Three primary variants of the tricorder are issued in Star Trek's Starfleet. The standard tricorder is a general-purpose device used primarily to scout unfamiliar areas, make detailed examination of living things, and record and review technical data. The medical tricorder is used by doctors to help diagnose diseases and collect bodily information about a patient; the key difference between this and a standard tricorder is a detachable hand-held high-resolution scanner stored in a compartment of the tricorder when not in use. The engineering tricorder is fine-tuned for starship engineering purposes. There are also many other lesser-used varieties of special use tricorders. The word "tricorder" is a portmanteau of "tri-" and "recorder", referring to the device's three default scanning functions: GEO (geological), MET (meteorological), and BIO (biological).
The tricorder of the 23rd century, as seen in Star Trek: The Original Series, is a black, rectangular device with a top-mounted rotating hood, two opening compartments and a shoulder strap. The top pivots open exposing a small screen and control buttons. The ship's doctor uses a variant of this model with a detachable "medical scanner" stored in the bottom compartment when not in use. The 24th century unit is a small, gray, hand-held model with a flip-out panel to allow for a larger screen. This design was further refined later with a slightly more angular appearance that was seen on most of the Star Trek: The Next Generation-era movies as well as later seasons of Star Trek: Deep Space Nine and Voyager.
In the post-Next Generation era (Star Trek Nemesis and Star Trek: Elite Force II), a newer tricorder was introduced. It is flatter, with a small flap that opens on top and a large touchscreen interface.
The tricorder prop for the original Star Trek series was designed and built by Wah Ming Chang, one of several futuristic props he created under his contract. Some of his designs are considered to have been influential on later, real-world consumer electronics devices. For instance, his communicator inspired Martin Cooper's research on mobile telephony.. In the late 1970's Mego Corporation produced the first ever life sized Tricorder toy designed to play cassette tapes. Since that time many other companies have followed suit and life sized replicas remain popular collectibles today.
Software exists to make hand-held devices simulate a tricorder. Examples include Jeff Jetton's Tricorder for the PalmPilot; the "genuine Tricorder from Elegant Solutions" Web application for the Pocket PC, iPhone, and iPod Touch; and an Android version.
Vital Technologies Corporation sold a portable device dubbed the "Official Star-Trek Tricorder Mark 1" (formally, the TR-107 Tricorder Mark 1) in 1996. Its features were an "Electromagnetic Field (EMF) Meter", "Two-Mode Weather Station", (thermometer and barometer), "Colorimeter" (no wavelength given), "Light meter", and "Stardate Clock and Timer" (a clock and timer). Spokespersons claimed the device was a "serious scientific instrument". Vital Technologies sold 10,000 units before going out of business. The company was permitted to call this device a "tricorder" because Gene Roddenberry's contract included a clause allowing any company able to create functioning technology to use the name.
In February 2007, researchers from Purdue University publicly announced their portable (briefcase-sized) DESI-based mass spectrometer, the Mini-10, which can be used to analyze compounds in ambient conditions without prior sample preparation. This was also announced as a "tricorder".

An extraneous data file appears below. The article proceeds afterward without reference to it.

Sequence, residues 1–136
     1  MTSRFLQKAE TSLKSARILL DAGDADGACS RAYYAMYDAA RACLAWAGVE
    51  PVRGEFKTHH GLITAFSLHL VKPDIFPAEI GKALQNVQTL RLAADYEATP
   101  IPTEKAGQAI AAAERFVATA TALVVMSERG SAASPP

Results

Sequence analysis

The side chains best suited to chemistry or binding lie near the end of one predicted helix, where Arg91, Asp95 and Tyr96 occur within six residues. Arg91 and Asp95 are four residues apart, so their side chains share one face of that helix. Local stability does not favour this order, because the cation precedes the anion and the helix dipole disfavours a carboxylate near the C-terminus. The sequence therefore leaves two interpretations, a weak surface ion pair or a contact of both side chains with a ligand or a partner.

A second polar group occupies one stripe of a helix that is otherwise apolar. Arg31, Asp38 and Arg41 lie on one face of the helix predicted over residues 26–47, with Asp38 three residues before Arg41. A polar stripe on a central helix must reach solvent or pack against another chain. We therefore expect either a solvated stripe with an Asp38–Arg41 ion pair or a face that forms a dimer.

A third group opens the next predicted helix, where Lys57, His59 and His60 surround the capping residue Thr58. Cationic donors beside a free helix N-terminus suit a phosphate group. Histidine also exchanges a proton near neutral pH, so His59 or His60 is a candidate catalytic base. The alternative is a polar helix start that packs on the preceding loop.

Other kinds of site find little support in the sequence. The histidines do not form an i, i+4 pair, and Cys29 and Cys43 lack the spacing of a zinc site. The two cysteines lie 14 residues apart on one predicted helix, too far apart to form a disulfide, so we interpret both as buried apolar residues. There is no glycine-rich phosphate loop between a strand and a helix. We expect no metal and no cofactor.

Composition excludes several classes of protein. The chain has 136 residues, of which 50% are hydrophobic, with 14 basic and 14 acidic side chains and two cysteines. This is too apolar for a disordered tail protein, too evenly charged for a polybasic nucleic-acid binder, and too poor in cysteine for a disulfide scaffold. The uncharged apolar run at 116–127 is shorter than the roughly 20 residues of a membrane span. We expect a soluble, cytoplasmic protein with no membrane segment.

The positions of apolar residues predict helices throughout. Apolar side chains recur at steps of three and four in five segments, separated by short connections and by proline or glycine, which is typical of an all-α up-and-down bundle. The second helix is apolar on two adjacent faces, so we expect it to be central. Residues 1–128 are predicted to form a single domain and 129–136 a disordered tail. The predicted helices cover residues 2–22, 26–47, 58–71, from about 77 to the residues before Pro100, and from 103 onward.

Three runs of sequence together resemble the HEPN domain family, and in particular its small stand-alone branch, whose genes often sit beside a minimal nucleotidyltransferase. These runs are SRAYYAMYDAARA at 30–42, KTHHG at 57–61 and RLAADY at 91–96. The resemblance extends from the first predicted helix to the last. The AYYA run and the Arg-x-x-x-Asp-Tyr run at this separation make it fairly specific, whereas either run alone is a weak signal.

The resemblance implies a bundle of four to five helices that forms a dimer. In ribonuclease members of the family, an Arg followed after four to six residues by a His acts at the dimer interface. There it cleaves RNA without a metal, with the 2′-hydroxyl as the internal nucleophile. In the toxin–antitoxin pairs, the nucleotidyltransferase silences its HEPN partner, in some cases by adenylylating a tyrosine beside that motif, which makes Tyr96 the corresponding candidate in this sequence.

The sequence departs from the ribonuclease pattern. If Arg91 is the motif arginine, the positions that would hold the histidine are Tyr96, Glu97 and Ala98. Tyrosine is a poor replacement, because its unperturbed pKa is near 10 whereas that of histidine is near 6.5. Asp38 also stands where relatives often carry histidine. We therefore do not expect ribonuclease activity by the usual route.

In May 2008, researchers from Georgia Tech publicly announced their portable hand-held multi-spectral imaging device, which aids in the detection of the severity of an injury under the skin, including the presence of pressure ulcers, regardless of lighting conditions or skin pigmentation. The day after the announcement, technology websites including Inside Tech and The Future of Things began comparing this device to the Star Trek tricorder.
A mobile medical imaging lab that operates using inexpensive mobile phones was demonstrated in 2009.
On May 10, 2011 the X Prize Foundation announced with Qualcomm Incorporated the Tricorder X Prize, a $10 million incentive to develop a mobile device that can diagnose patients as well as or better than a panel of board certified physicians.
Toys and replicas
- ↑ Sternbach, Rick and Michael Okuda. Star Trek: The Next Generation Technical Manual. Star Trek, 1991, p. 121
- ↑ http://www.superunderdoggie.com/mego-warehouse-tricorders.html
- ↑ Jeff Jetton: Tricorder
- ↑ Tricorder - moonblink - A tricorder for Android. - Project Hosting on Google Code
- ↑ Real Tricorders
- ↑ Purdue chemical-analysis method promises fast results
- ↑ Purdue Scientists Create Portable Tricorder | Gear Live<
- ↑ Sandia handheld instrument assesses dental disease in minutes - March 29, 2007
- ↑ Georgia Tech - New Technology Puts biomedical Imaging in Palm of Hands
- ↑ "New 'miracle diagnosis' handheld medical scanner 800 times more sensitive than full-size scanners", DailyTech, July 10, 2008
- ↑ Science Fiction Saving Lives - TFOT
- ↑ NASA - NASA Ames Scientist Develops Cell Phone Chemical Sensor
- ↑ Portable medical imaging device - CNN
- ↑ "The X PRIZE Foundation and Qualcomm Join Forces to Develop a Competition to Enhance Integrated Digital Health". Marketwire. May 10, 2011. http://www.marketwire.com/press-release/x-prize-foundation-qualcomm-join-forces-develop-competition-enhance-integrated-digital-1512263.htm.
- Tricorder at Memory Alpha (a Star Trek wiki)
- Life imitates 'Star Trek'
- Star Trek medical device uses ultrasound to seal punctured lungs
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